Never before has the value of a good contract been more profound. With worldwide lockdowns, due to the COVID-19 pandemic, throwing many in-build projects off schedule, a light has been shone on the importance of robust new-build contracts, from both a client and shipyard perspective.
A client will find that disparities between stage payments and the transfer of title require clear and cogent legal protection, while changes to the original spec, or to the agreed schedule, are also considerations that require legal purview. Ultimately, for a project lasting multiple years, and with many variables, there is a degree of risk carried by all parties throughout. And this risk is best offset with a robust contract.
In the recently-published The Superyacht Buyer Report, the chapter entitled ‘The value of good contracts’ explores the ‘other’ primary contract, that of sale and purchase transactions. There is, as most clients will discover, a widely-adopted industry ‘template’ in the form of the MYBA Memorandum of Agreement sale and purchase contract. This is a contract advocated by the industry’s largest body of sales brokers. But, as with anything off the shelf, it cannot be applied whole-sale to every transaction and there are various nuances that must be considered.
“If you start the process incorrectly, and allow it to be driven by the inexperienced or those whose interests are not professional or transparent, then the sale and purchase experience will become expensive and disappointing.”
“Most owners will only ever use the MYBA form twice. Once when they buy their yacht and once when they sell her,” explains John Leonida, former partner at Clyde & Co and now PhD researcher and occasional consulting superyacht advisor with LP Squared. “For most, the experience is relatively painless. However, if you start the process incorrectly, and allow it to be driven by the inexperienced or those whose interests are not professional or transparent, then the sale and purchase experience will become expensive and disappointing. In the worst-case scenario, you end up becoming a spectator to your own investment.”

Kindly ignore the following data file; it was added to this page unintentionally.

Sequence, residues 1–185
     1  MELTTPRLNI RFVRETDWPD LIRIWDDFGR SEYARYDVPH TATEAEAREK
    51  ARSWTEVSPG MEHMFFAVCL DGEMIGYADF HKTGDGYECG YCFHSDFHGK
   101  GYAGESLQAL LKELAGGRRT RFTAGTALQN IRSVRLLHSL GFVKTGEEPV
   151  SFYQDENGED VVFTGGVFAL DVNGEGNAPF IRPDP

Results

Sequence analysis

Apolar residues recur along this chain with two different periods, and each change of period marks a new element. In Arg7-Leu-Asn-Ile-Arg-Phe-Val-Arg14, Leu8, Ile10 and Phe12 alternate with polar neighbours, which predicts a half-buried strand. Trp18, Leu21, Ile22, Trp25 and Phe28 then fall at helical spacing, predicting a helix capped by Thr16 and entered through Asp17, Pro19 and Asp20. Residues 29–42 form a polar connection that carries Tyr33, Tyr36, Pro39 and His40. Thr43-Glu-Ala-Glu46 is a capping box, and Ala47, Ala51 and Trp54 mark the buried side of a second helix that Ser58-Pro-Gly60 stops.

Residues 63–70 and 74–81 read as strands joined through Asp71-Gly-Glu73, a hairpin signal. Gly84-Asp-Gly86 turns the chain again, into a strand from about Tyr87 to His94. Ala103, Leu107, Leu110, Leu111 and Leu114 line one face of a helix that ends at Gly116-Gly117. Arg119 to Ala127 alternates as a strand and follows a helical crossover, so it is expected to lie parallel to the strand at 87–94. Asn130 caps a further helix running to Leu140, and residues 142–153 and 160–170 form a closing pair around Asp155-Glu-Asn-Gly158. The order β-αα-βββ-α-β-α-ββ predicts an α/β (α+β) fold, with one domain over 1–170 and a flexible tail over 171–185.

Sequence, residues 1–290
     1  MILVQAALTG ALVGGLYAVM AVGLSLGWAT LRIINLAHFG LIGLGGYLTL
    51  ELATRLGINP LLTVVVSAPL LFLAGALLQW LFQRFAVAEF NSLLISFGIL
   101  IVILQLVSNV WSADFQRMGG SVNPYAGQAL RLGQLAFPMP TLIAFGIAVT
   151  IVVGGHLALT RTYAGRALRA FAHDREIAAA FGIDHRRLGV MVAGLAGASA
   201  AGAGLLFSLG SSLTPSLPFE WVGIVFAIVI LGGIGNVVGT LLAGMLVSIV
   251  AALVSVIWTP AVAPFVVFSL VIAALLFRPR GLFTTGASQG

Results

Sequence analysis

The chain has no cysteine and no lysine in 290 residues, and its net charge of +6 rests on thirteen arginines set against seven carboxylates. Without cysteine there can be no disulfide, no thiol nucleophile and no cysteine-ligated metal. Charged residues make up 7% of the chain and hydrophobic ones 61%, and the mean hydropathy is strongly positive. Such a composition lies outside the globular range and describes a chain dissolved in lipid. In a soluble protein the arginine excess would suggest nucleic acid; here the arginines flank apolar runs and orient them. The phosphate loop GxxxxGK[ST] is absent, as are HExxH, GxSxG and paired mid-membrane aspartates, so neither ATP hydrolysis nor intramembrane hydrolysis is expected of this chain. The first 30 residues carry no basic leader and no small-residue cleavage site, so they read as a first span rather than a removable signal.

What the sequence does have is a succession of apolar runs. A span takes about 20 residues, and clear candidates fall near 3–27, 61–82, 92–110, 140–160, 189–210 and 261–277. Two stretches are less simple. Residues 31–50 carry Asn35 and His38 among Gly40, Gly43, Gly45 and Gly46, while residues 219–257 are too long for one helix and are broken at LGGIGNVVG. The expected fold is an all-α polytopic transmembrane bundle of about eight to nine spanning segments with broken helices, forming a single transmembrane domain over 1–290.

Leonida advises that clients shouldn’t think of any pre-printed contract as sacred text. “It’s only a tool to agree a deal,” he continues. “In many industries, where there is a large volume of transactions or all the stakeholders agree on what shouldn’t be negotiable, the standard form has a role. The MYBA MOA demands explanation and necessary amendment.”
Jean-Philippe Maslin, partner at Delviso Avocats, cautions that a contract can never anticipate all situations. “It must remain adaptable, allowing for variations, so as to avoid leaving the parties stuck without a workable solution in unforeseen circumstances, as well as giving the owner the right to freely assign the contract to a company of its choosing,” he advises. “The reason is that last-minute changes to the intended use of the yacht, its area of navigation, or even a change in ownership before delivery, will have a direct impact on the applicable customs regime, in turn influencing the choice of the place of establishment of the owning company and the flag of the yacht.”
‘The value of good contracts’ chapter provides detailed accounts from some the market’s foremost legal advisors on how to perfect this part of the customer journey. If you wish to read the chapter in full, click here to download your complimentary version from The Superyacht Buyer Report.
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